He closed his eyes, unable to look at the man’s grin of triumph. Her pimp. This man was her pimp. She’d promised she wouldn’t. She’d promised. They’d made a pact back in foster care, the three of them— him, Linnie, and Shane. They’d promised no matter how hard it got that they’d never sell their bodies. She’d promised.
She’d lied. And right now, Andy wasn’t sure which hurt more— the knowledge that she’d broken their pact or that she’d obviously been lost and desperate enough to do so. Or that she didn’t come to me for help first.
The man lit up a cigarette and took a long drag, exhaling in a thin stream of smoke. “So, Mr. Gold, what’s it to be? More of this? My associate can make her scream for a very long time. Or can I depend on you to save your friend’s life?”
Andy opened his eyes. Forced himself to look at the man who held their lives in his hands with such casual disregard. The man tilted his head, listening to Linnie’s screams.
“Well, Mr. Gold? Make up your mind. My patience is growing very thin.”
Andy gritted his teeth. “What do you want me to do?”
Saturday, December 19, 3:30 p.m.
“Are you sure this dress looks okay, Mer?”
Meredith Fallon sighed patiently as she turned to the younger woman walking beside her. “It looks amazing, Mallory. You look amazing. Very stylish. No one will think you’re any different than any other eighteen- year- old who’s just signed up for her classes.”
But there was far more to Mallory Martin, who’d actually left the safe house where she’d stayed for four months, healing— which was huge. She still had so much healing left to do. In the ten years that Meredith had been counseling children and adolescents, she’d encountered few clients more victimized than Mallory— and even fewer with her courage.
“Yeah, but they’re signing up for college. I’m just . . .” Mallory looked away. “Dammit.”
“You’re taking charge of your life. Have I told you how damn brave you are?”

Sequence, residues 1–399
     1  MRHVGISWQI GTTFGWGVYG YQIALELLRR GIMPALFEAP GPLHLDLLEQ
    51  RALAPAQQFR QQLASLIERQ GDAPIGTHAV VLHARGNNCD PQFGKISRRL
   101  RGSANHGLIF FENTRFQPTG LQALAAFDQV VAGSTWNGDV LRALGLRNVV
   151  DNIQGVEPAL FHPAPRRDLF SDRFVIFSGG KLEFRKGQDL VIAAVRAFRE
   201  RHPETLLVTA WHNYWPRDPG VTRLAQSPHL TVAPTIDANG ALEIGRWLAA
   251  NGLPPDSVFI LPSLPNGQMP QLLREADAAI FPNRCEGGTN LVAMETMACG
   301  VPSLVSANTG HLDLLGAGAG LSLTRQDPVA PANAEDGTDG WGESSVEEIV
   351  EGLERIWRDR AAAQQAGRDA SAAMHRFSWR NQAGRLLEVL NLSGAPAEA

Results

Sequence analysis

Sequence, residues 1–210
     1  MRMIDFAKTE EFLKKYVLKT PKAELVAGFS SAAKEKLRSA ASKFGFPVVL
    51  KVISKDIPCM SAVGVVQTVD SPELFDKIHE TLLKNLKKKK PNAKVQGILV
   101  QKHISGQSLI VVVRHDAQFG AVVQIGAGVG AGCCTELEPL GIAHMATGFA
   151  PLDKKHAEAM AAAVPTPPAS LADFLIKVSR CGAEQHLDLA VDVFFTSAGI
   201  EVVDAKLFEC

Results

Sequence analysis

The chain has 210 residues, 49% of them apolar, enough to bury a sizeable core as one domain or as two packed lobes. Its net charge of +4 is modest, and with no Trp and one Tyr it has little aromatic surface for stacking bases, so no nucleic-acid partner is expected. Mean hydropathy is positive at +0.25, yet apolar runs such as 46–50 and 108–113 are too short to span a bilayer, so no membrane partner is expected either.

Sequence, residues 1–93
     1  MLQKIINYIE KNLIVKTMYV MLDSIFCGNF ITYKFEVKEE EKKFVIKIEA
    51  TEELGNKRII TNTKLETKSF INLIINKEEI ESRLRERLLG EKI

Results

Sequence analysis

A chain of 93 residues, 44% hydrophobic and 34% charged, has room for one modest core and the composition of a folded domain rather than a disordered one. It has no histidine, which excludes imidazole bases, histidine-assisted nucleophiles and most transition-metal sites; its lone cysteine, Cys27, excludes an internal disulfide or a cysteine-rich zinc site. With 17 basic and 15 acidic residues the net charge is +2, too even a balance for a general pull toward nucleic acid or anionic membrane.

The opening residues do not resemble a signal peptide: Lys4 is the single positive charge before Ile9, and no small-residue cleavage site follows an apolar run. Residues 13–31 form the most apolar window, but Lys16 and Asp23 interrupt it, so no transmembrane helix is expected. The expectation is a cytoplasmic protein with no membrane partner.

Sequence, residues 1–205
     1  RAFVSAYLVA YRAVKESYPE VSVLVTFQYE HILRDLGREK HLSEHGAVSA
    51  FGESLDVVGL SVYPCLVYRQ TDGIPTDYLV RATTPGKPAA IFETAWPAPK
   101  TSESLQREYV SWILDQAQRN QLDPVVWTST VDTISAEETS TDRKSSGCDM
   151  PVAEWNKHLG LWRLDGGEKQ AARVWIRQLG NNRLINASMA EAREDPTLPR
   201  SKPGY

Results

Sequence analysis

“Twice. And that’s only today.” A small smile was followed by a self- conscious grimace. “I know I’m being stupid, fishing for compliments. I’m sorry.”
Meredith’s sigh wasn’t so patient this time. “What did we agree about that word?”
“Well, yes. But mostly ‘sorry.’ Strike them both from your vocabulary right now.”
Mallory drew a breath and gave a hard little nod. “Eliminated.”
“Good. Let’s walk faster. It’s not much further to the café, and my toes are freezing.”
They were going to celebrate. Mallory had signed up for adult education classes today. Her first step toward getting the high school education she’d been denied by the monster who’d held her captive for six long years.
“You should have worn warm boots,” Mallory said archly. “Without four- inch heels.”
Meredith glanced at her brand- new suede knee- high boots with a happy little grin because Mallory was lecturing her, a small thing, but so normal. The girl had become one of Meredith’s all- time favorite clients. “But these are prettier. And they were on sale.”
Mallory shook her head with affectionate exasperation, as if Meredith were a child. “At least you needed them. They can keep all the other suede boots with four- inch heels in your closet from getting lonely.”
Meredith’s smile dimmed. Not from the criticism, because (a) it was clear Mallory was teasing and (b) her friends had given her shit over her overflowing shoe closet for years.
It was because she had needed them. Not the boots necessarily, but she’d needed something. The boots were an early Christmas present to herself, because it didn’t look like she was going to get the one gift she really wanted. Back in the summer it had appeared that things might work out, that for the first time she’d have someone, other than her family, to snuggle with while watching the lights sparkle on her tree.
She’d been stupid to hope. The hours that she and Adam Kimble had spent together had been precious and few— and obviously not as important to him as they’d been to her. They’d been working the same case. The case had closed and he’d disappeared. Again.